Local council backs out of a High Court case and agrees to cancel permission for the illegally polluting Queensway Gateway Road.
News just in: Hastings Borough Council has accepted that it made an error of law in granting planning permission for the £15 million Queensway Gateway road, and has agreed to cancel the permission. The court case due for Thursday 25 June will no longer need to go ahead.
When the road was given permission by the council in February, the promoter's own documents showed that the traffic from the road would have breached national and EU directives on air pollution but the details were not given to councillors making the decision.
A judicial review of the decision to go ahead despite the illegal levels of air pollution expected was brought by St Leonards’ resident Gabriel Carlyle. A few days after permission was granted, tree-felling started in the valley, destroying ancient oak trees and a valuable habitat - destruction which the council and the court will now agree should never have taken place.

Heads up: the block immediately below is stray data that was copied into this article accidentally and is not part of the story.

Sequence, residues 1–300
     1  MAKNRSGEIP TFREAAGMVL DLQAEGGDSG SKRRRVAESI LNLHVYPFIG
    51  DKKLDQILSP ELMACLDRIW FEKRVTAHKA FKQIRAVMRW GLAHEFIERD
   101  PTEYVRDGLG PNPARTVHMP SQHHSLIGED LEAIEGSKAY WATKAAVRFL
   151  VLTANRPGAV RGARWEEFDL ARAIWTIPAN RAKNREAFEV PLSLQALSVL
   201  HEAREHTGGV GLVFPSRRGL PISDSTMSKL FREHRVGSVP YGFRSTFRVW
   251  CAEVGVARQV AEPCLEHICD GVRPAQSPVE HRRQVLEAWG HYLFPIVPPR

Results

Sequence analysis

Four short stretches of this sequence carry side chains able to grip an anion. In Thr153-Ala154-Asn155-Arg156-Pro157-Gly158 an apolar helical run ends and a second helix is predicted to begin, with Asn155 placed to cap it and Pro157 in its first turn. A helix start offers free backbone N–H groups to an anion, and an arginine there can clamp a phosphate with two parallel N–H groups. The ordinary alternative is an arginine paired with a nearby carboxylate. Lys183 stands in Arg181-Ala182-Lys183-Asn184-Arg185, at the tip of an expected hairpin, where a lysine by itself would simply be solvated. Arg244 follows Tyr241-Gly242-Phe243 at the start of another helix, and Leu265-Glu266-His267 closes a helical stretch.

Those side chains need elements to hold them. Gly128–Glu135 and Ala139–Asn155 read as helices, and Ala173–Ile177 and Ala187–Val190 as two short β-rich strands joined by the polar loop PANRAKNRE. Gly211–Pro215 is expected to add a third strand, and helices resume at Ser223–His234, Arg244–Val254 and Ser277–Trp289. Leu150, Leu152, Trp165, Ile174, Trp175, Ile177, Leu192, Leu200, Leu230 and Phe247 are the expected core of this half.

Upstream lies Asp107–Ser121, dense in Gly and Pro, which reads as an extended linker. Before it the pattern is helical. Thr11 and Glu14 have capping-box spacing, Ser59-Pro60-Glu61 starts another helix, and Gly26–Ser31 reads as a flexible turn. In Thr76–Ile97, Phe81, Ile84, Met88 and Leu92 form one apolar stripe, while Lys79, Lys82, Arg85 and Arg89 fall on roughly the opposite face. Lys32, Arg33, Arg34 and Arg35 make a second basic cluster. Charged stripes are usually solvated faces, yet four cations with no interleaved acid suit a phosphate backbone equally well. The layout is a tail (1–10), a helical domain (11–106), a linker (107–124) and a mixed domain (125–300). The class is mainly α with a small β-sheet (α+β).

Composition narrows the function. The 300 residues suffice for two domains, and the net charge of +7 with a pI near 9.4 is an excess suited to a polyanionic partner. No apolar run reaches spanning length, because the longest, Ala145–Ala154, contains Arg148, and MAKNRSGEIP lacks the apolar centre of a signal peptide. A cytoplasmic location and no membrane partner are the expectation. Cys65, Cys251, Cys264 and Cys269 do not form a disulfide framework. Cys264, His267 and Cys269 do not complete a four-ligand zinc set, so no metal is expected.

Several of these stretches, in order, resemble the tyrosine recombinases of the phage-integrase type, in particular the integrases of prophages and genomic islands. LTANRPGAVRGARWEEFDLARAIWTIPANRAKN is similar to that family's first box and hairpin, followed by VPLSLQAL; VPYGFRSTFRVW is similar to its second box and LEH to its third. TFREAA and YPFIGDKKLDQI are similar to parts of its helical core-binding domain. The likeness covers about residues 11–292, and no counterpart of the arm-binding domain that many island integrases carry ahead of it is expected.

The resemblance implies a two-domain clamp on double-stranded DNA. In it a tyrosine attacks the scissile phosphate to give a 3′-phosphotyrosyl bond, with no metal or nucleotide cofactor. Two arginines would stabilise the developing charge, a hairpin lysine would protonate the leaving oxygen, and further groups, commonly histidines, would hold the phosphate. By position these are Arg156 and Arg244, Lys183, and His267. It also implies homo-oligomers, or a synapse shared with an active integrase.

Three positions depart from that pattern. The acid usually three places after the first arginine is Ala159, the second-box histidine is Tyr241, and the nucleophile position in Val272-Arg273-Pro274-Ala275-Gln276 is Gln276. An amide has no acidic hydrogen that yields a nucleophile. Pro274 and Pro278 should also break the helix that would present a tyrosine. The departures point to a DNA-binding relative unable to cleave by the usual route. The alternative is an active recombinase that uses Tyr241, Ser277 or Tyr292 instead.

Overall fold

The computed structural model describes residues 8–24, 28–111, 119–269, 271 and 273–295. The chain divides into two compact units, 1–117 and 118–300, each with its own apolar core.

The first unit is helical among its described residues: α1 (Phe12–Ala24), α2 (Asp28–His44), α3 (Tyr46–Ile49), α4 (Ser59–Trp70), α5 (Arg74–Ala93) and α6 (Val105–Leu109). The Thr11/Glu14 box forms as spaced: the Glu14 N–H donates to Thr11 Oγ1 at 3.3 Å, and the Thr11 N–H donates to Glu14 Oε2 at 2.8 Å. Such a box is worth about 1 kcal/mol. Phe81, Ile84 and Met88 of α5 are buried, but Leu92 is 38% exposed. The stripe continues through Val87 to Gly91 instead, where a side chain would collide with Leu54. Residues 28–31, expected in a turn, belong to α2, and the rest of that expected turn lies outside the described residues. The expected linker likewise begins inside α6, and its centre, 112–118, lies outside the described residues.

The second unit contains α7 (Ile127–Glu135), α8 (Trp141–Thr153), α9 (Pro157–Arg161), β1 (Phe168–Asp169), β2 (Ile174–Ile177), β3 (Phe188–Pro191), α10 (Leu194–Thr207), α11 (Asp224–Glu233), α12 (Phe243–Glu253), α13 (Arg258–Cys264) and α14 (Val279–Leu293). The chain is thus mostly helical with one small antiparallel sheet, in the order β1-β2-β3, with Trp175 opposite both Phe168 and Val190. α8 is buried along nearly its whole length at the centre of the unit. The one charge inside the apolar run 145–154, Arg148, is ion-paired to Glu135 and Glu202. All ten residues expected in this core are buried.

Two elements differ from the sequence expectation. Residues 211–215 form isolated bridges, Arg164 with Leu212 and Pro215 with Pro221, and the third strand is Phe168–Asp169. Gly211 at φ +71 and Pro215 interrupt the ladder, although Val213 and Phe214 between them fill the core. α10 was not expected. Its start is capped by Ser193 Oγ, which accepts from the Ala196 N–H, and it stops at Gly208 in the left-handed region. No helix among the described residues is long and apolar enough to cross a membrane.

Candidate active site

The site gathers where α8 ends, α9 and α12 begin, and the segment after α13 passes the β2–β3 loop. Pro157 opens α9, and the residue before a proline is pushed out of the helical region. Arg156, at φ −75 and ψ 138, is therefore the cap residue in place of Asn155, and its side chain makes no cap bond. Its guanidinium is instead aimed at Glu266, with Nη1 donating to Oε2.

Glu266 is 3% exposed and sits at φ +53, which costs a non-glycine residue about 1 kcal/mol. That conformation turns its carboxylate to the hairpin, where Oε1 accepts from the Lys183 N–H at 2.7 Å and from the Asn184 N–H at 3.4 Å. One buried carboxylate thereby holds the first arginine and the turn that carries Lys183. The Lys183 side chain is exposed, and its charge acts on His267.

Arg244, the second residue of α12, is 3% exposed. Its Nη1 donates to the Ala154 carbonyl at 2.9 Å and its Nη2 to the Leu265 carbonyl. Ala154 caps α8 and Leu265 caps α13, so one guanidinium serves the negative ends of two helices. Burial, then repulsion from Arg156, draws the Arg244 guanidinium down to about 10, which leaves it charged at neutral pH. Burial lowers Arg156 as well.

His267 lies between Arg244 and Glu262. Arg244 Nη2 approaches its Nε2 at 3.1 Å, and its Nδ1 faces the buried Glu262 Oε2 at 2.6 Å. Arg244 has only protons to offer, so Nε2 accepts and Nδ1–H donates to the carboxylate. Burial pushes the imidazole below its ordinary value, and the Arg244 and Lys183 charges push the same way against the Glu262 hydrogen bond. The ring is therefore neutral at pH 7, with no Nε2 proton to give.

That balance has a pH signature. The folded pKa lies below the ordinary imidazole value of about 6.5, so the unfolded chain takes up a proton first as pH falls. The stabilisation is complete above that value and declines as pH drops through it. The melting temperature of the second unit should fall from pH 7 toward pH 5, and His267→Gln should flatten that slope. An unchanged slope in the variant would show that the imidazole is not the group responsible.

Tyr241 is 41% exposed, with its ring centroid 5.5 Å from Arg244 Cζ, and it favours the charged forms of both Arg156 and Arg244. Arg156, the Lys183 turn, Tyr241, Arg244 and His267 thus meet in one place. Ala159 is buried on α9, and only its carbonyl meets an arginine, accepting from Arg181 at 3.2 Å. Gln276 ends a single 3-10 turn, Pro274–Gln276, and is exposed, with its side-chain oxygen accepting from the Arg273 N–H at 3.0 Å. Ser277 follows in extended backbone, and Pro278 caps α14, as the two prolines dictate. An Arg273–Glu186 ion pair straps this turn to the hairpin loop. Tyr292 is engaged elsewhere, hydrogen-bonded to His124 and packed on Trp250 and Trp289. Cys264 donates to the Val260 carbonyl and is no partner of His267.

The Combe Haven Defenders report on their blog that: "The agreement between the council and Gabriel’s lawyer still has to be formally approved by the court, but we understand this is likely to be a formality."
But they also warn that the road's promoters - SeaChange Sussex - may come back and apply for permission again:
"This is fantastic news for Hollington Valley, but we must not be complacent about it. SeaChange Sussex, keen to build yet another empty business park will no doubt want to reapply for planning permission as soon as possible. But it’s hard to see how it could build the road and not create the air pollution. Perhaps only bicycles could be allowed to travel down the road?"
I visited Hastings earlier this year to see the destruction being caused by SeaChange's multiple business park and road projects, and the massive damage to the Combe Haven valley from the construction of the Bexhill-Hastings Link Road.
The trees in the Hollington Valley had only just been cut down, but now there are already signs of new growth. I hope this decision means the valley will be left to recover its former value as a wildlife site in future!